WASHINGTON – House Speaker Kevin McCarthy is defending his decision to give Fox News' Tucker Carlson “exclusive” access to Jan. 6 security footage of the Capitol attack, despite the conservative commentator's own work raising false claims and conspiracy theories about the 2021 riot over Joe Biden's election.
McCarthy vowed Tuesday to eventually make roughly 42,000 hours of sensitive Capitol Police security videos available to the broader public “as soon as possible,” but made it clear the Fox News commentator had first dibs. The Republican McCarthy is also supportive of giving access to some of the nearly 1,000 defendants being prosecuted for their roles in the siege.
Five people died in the Jan. 6, 2021 attack and its aftermath after then-President Donald Trump encouraged a mob of supporters to “fight like hell” as Congress was tallying the election results from the states.
“I don’t care what side of the issue you are on. That’s why I think putting it out all to the American public, you can see the truth. See exactly what transpired that day,” McCarthy told reporters at the Capitol.
“Have you ever had an exclusive? Because I see it on your networks all the time. So we have exclusive, then I’ll give it out to the entire country,” McCarthy said.
The speaker's decision to release the mountains of police security footage has set off a firestorm at the Capitol over the way the images will be potentially used as a political tool to rewrite the history of what happened that deadly day. Fox News is facing new scrutiny in a separate court case over its airing of false claims about the 2020 election that Trump lost to Biden.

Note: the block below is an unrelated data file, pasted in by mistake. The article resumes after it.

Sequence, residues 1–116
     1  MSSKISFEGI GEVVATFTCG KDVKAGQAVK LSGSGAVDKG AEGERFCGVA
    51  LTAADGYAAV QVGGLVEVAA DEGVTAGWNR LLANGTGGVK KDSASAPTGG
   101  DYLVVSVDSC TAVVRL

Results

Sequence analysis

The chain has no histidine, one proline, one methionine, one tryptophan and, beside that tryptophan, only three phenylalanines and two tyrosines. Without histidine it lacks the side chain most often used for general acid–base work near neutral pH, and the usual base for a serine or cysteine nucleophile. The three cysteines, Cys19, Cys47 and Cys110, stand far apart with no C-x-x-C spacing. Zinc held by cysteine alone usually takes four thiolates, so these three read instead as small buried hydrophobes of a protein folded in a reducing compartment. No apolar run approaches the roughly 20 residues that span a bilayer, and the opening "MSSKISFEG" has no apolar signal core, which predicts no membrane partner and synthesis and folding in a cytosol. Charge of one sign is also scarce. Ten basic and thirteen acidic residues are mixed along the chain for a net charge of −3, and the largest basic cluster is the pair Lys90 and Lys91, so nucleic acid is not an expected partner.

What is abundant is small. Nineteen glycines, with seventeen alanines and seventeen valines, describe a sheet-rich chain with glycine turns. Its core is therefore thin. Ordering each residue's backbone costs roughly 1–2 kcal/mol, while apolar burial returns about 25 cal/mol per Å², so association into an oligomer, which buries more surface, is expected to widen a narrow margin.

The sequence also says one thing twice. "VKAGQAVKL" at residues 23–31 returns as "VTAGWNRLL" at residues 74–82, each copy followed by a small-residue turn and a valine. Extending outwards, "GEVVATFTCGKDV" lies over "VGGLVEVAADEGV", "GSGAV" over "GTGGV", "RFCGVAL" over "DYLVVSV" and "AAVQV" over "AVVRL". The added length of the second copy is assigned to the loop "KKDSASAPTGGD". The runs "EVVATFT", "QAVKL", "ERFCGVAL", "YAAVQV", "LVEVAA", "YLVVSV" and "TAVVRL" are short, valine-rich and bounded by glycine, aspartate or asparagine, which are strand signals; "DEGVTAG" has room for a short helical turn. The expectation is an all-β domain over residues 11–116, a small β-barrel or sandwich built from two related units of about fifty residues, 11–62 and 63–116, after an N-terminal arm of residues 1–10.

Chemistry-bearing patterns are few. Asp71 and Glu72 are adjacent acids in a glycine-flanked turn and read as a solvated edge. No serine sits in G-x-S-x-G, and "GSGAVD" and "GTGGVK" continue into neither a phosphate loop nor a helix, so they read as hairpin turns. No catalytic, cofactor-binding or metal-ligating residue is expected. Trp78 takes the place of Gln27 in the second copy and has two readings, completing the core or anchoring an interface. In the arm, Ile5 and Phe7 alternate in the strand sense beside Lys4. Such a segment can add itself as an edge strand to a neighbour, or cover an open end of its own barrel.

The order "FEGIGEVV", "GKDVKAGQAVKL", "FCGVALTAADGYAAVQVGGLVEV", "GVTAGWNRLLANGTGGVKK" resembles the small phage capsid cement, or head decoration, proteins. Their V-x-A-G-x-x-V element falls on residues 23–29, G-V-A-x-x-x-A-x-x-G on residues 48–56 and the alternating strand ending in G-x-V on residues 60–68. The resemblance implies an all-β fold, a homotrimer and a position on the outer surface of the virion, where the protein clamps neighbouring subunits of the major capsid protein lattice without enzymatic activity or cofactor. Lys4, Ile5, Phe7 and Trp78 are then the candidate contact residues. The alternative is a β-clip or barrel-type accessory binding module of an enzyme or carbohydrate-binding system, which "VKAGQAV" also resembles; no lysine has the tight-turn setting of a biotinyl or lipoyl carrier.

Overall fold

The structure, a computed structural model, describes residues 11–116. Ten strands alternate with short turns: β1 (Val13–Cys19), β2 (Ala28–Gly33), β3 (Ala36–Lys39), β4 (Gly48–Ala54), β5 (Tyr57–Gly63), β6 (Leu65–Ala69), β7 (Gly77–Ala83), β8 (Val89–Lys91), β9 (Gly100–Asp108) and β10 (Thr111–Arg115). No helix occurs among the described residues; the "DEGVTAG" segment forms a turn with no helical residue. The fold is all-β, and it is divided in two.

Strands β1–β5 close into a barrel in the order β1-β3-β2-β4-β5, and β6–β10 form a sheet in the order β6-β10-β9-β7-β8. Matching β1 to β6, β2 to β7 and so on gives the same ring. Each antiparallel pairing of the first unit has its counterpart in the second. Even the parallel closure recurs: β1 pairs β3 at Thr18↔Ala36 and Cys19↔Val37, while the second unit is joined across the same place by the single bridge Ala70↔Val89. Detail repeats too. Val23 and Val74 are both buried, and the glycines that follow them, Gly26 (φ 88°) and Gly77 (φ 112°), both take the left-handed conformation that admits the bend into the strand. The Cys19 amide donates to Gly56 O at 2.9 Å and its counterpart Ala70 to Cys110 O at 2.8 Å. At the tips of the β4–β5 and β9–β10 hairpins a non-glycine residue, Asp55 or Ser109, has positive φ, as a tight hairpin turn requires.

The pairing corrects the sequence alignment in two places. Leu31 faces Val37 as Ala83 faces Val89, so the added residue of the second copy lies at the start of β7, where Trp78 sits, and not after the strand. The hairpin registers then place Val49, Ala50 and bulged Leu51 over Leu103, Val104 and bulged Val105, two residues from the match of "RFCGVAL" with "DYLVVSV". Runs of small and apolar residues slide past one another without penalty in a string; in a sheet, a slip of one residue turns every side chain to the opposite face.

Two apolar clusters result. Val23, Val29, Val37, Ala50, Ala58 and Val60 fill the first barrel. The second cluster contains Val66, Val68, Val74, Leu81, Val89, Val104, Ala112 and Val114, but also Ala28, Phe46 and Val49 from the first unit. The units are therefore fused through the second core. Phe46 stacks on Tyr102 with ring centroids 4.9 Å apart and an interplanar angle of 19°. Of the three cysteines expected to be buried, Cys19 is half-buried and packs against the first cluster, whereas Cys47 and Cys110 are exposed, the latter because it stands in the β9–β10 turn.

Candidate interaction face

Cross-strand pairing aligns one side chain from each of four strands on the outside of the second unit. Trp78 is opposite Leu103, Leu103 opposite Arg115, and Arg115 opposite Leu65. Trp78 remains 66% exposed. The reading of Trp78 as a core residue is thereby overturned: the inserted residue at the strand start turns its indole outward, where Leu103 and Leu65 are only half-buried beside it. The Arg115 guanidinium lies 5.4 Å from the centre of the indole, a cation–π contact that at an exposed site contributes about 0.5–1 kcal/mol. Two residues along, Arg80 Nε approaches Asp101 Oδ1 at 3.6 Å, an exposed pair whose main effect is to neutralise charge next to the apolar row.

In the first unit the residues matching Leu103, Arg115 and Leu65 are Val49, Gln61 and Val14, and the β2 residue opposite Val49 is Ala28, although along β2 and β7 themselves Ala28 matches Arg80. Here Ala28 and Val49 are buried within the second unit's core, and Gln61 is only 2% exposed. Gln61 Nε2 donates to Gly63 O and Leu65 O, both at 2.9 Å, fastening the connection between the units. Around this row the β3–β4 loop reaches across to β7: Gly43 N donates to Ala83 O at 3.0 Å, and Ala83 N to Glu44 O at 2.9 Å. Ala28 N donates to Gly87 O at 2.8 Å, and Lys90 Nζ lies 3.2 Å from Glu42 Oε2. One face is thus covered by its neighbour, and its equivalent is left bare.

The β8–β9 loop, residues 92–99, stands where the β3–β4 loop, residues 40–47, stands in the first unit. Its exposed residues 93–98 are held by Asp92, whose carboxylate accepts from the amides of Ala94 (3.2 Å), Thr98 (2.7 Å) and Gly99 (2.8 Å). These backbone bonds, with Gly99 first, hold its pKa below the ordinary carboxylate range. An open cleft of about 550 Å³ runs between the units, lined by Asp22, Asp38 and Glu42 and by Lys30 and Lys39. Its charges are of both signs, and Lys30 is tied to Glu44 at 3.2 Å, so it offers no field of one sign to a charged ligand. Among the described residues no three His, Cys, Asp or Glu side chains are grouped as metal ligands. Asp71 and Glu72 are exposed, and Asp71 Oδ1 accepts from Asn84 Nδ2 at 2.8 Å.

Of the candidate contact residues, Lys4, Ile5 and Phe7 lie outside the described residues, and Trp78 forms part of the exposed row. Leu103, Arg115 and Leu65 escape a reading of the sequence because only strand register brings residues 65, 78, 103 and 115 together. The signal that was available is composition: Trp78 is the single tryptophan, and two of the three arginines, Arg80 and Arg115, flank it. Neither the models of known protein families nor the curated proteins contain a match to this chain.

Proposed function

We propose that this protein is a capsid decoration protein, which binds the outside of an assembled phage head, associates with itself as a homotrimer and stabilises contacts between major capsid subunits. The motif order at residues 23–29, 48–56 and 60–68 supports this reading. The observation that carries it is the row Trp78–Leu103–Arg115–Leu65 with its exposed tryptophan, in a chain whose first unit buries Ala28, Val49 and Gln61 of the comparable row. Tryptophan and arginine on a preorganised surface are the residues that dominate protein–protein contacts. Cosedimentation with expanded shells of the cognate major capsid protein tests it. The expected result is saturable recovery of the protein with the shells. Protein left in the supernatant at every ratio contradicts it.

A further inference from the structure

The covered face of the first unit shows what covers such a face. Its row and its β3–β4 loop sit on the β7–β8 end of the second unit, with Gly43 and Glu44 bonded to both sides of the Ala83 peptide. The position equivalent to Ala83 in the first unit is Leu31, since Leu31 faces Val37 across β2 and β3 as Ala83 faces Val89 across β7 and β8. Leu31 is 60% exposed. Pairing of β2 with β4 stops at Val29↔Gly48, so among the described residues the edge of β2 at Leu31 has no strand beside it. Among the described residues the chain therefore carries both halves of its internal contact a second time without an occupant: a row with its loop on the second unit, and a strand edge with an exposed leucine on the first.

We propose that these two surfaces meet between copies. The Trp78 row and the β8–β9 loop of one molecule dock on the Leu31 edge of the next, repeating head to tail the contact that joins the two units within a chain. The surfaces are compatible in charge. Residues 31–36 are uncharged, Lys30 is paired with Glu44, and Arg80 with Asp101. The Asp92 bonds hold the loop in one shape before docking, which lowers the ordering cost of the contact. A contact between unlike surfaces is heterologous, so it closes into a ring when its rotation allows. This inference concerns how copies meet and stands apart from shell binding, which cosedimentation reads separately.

It's also raising new concerns about sensitive security operations at the Capitol. While video from the Jan. 6 riot has already widely aired as part of the public hearings last summer by the House committee investigating the attack — including from the police cameras, documentarians like then-House Speaker Nancy Pelosi's daughter who filmed secret locations and even the rioters themselves — McCarthy is making available almost 42,000 hours of footage, three times what was first seen, from cameras stationed in all corners of the Capitol complex.
“We are deeply concerned that the release of footage related to the January 6 violent insurrection will reveal some security details that could create some challenges in terms of the safety and well being of everyone on the Capitol Complex,” said Minority Leader Hakeem Jeffries, D-N.Y.
Rep. Bennie Thompson, the former chairman of the House Jan. 6 committee, said the panel went through a painstaking process to work closely with the U.S. Capitol Police to review and ultimately release approved segments of the surveillance footage as part of its public hearings.
“I’m supportive of a process, if this is true transparency, that would not compromise the integrity or the security of the Capitol,” the Mississippi Democrat said.
When McCarthy told fellow Republicans behind closed doors about his decision Tuesday, he was greeted with applause, according to a person who was familiar with the private conference meeting but unauthorized to speak about it publicly.